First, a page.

October 27, 1936
The British press today "finally took notice of the Simpson divorce case, reports the New York Times. It was "the first time the newspaper-reading public" in Britain had been made aware that Mrs. Simpson 'was seeking freedom from her husband." But the news coverage was seen to be perfunctory, "so brief and buried so inconspicuously on back pages that not one reader in a thousand would have guessed that there was anything unusual about the case."
British law allows newspapers to print only the bare facts of a divorce case. There has also been a gentlemens' agreement between the editors of the Newspaper Proprietors Association regarding publication of "gossip, no speculation even remotely suggesting that Mrs. Simpson has long been the most-discussed woman in the highest society of Britain."
Only one afternoon newspaper, The Star, provided readers with a prominent headline: "Society Woman's Divorce." The newspaper reported a brief account of the case, and stated: "Mrs. 'Wally' Simpson has been well-known in London social circles for the past eight years as a brilliant American hostess." The newspaper's report also included information about her first marriage to Earl Winfield Spencer, as well as her marriage to Simpson and his career.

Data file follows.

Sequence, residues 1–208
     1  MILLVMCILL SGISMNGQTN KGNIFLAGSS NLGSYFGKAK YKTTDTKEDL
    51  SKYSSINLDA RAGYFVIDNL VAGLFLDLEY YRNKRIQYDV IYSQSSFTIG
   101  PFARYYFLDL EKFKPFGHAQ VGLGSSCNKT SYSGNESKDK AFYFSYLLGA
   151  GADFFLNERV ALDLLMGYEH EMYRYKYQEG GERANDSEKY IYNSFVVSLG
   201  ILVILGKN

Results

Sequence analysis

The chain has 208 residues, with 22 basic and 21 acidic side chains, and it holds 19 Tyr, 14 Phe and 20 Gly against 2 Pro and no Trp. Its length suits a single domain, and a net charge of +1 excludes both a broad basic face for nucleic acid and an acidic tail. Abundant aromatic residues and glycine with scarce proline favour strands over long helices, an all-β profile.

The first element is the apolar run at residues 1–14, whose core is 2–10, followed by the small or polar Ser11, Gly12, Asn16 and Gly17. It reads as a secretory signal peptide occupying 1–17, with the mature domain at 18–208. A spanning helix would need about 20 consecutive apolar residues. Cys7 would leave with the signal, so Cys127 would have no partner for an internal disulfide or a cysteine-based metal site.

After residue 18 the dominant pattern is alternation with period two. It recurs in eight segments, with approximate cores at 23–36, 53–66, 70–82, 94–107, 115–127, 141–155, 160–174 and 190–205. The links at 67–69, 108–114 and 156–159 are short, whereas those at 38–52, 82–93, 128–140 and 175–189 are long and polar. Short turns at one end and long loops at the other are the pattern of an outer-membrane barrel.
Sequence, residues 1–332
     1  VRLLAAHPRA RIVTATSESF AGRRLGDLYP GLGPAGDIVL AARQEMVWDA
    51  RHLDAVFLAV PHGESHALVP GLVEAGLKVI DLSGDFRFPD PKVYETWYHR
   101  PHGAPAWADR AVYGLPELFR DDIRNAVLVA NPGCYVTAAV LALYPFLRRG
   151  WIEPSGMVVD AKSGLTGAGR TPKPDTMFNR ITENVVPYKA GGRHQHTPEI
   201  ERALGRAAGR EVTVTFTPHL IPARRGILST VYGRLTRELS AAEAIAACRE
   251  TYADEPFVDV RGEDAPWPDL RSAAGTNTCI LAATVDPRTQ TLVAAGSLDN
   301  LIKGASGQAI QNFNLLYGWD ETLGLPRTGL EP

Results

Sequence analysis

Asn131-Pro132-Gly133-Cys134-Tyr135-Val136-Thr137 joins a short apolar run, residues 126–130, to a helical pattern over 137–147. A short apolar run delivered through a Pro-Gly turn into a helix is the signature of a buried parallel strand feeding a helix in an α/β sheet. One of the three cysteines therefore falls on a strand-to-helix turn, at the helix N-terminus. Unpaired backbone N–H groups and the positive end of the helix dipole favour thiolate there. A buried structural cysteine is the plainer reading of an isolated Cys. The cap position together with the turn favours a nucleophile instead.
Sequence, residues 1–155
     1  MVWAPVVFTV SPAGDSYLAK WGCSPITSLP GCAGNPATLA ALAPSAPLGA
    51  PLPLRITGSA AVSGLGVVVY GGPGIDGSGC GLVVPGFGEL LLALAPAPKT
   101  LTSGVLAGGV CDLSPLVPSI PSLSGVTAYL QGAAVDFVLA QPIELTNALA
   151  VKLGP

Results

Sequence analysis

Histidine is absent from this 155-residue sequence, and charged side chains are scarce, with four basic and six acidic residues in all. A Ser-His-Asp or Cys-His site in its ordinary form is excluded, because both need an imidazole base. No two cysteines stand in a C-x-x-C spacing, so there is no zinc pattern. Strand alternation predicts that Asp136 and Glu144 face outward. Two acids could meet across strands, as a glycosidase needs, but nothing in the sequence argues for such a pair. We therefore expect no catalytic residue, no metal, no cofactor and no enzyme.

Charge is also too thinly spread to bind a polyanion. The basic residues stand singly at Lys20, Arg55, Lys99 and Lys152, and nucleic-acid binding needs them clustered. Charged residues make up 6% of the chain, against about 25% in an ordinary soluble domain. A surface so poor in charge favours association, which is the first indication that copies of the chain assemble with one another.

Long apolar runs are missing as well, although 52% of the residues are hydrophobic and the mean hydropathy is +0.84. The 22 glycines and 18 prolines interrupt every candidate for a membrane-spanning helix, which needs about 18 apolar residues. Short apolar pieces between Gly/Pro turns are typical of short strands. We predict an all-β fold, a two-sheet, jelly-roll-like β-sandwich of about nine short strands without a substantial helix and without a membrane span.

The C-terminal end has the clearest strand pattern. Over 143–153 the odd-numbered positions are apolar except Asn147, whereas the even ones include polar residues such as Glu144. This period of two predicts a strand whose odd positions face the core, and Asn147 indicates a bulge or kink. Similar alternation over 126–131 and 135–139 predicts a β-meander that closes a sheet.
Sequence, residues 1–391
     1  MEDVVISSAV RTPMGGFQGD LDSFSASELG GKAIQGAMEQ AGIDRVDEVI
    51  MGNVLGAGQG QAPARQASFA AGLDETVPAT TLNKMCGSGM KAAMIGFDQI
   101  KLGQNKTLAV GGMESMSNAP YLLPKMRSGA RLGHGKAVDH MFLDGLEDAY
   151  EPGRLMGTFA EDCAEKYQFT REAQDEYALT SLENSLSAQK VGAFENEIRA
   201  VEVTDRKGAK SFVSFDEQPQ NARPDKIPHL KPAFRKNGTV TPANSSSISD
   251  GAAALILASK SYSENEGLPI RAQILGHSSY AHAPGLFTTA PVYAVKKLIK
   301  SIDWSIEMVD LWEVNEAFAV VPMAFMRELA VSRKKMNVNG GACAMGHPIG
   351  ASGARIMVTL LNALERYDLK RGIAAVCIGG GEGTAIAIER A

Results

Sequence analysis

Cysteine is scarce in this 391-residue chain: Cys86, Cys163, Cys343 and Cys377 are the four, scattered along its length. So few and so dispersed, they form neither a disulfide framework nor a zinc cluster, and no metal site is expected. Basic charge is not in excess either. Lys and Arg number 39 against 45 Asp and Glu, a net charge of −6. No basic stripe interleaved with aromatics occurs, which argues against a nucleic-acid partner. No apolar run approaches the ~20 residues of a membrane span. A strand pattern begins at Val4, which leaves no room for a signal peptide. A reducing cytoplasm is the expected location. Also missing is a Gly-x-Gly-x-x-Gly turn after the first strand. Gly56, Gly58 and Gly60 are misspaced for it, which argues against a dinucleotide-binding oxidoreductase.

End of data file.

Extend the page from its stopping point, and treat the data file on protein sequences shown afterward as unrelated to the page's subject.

But most newspapers, including The Times, tucked the report in the back pages, providing readers with few details "of the scene at Ipswich, no account of how Mrs. Simpson looked in court or how she behaved while testifying."
British editors would "explain their restraint by quoting Winston Churchill," who said last night that Britain's press "has freedom plus responsibility."
"There are two great features which I trust the British press will always preserve. There is no press in the world in which the invasion of private life is more condemned and more sedulously avoided.
"People can live their private lives here with a greater measure of freedom and respect for their feelings by their neighbors than is the case in any other society in the world. And our British press has played a great part in that."
King Edward VIII was very busy today. He met with the Privy Council in the morning, which was "notable for the presence" of Canadian Prime Minister W.L. Mackenzie King, who is on his way home from Geneva. In the afternoon, the King's mother, Queen Mary, came for a visit. She was followed by the Sultan of Selangor in the Malay States who was invested with the insignia of the Knight Commander of the Royal Victorian Order.
The King also discussed plans for his Coronation, which will take place in May, and he will be opening Parliament "for the first time in his reign next Tuesday."